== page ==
Finn Russell: Scotland gaining in confidence

Finn Russell, evading French lock Alexandre Flanquart, says the Scots' warm-up displays were encouraging. Picture: AFP/Getty
Finn Russell, evading French lock Alexandre Flanquart, says the Scots' warm-up displays were encouraging. Picture: AFP/Getty
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STAND-OFF Finn Russell believes Scotland’s performances in the four World Cup warm-up Tests prove that the squad has made genuine progress from the Six Nations whitewash.

A 50 per cent win rate is certainly an improvement on a zero per cent one and the Scots performed well in all four of the games, with one of the victories – the 16-12 success in Turin – arguably the least impressive of the quartet.

Of course, these contests, although played in large part at a high tempo and with no little physicality, were essentially glorified friendlies and it will all be for nought if Scotland fail in their World Cup campaign, which starts two weeks tomorrow.

That said, while highly caveated, the 320 minutes of summer rugby is the only gauge we have to assess Scotland’s current state and the ever-positive Russell doesn’t need to be asked twice to see reasons for optimism following the weekend’s narrow 19-16 defeat by France in Paris. He said: “The performance we put in against France on Saturday there was brilliant and shows where we’ve come from since the Six Nations. We could have got a draw if we’d wanted, but we decided to go for the win.

“It was one pass away from getting a win. I guess you could say that was similar to a lot of the Six Nations games, a bounce-of-the-ball sort of thing, but we had so many chances and so many clean line-breaks that I think, as a team, we’ve come on so much from the Six Nations. We’re getting into the right structure and creating these opportunities, which is brilliant for us.”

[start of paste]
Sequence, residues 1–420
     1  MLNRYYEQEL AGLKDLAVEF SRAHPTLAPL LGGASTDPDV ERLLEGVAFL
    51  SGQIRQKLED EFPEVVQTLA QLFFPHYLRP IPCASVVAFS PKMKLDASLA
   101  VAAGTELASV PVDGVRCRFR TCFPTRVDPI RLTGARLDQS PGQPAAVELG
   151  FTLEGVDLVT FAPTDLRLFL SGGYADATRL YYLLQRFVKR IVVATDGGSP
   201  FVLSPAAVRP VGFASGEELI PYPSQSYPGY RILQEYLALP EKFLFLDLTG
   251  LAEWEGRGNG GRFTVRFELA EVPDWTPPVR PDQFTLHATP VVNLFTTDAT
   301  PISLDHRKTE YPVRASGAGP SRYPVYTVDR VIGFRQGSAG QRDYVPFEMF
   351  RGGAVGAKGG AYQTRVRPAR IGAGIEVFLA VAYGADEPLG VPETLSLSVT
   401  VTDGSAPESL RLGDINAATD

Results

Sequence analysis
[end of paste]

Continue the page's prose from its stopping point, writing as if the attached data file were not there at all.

Scotland outscored France by one try to nil in the Six Nations opener back in February but lost that one 15-8. On Saturday they competed with the hosts in a more sustained manner for the full 80 minutes, and Russell added: “We had a close defeat to France in the Six Nations and the same again on Saturday, but like I said we had so many opportunities this time. One pass goes to hand and we’d have won that game. Or we could easily have gone for the draw and Greeg [Greig Laidlaw] would have hit the kick. It’s better than the Six Nations.

“Then compare the results against Italy to the Six Nations. We beat Italy home and away, which is different to the Six Nations. And in the performance we showed against France there were a number of things that, if they’d gone our way, it could have been a different result.”

You sense it would take a lot to knock the confidence of Scotland’s effervescent No 10, but Russell insisted that self-belief was growing all the time throughout the squad.

“We can take a lot of positives out of the France game,” he said. “Look at the last ten minutes and the amount of pressure we put France under, as well as our defence for the whole game – that was a big thing. We’d worked on our defence and our kick-chase.

“There were so many positives from the game. It was just one missed tackle, they took their chance, and that’s what won them the game.

“We could have gone for the draw, but nah, you’ve got to go for the win, haven’t you?”

Russell, who turns 23 on 23 September – the day of Scotland’s Pool B opener against Japan in Gloucester – is now enjoying a few days off before the squad return to training in Glasgow on Thursday ahead of a big send-off dinner at the Radisson Hotel in the city that evening.

“It’s good,” said Russell of the few days break. “I’ll probably just take it easy, and maybe play a bit of golf. I’m not sure. I’ve nothing really planned – just chill out, rest, and get the body right for when I come back in.”

A few bumps and bruises are being nursed and prop Al Dickinson is going through concussion protocols following a head knock but, compared to the likes of wounded Wales, all indications are that Scotland have come through the four games in miraculously good physical shape.

“It was good to come off [the pitch] after a physical game so close to the World Cup and have no injuries,” said Russell. “You can’t go into games not trying to get injured – you can get injured in training, so you go into a game and you give it your all, and if you get injured you get injured. It was good that the boys came through it.”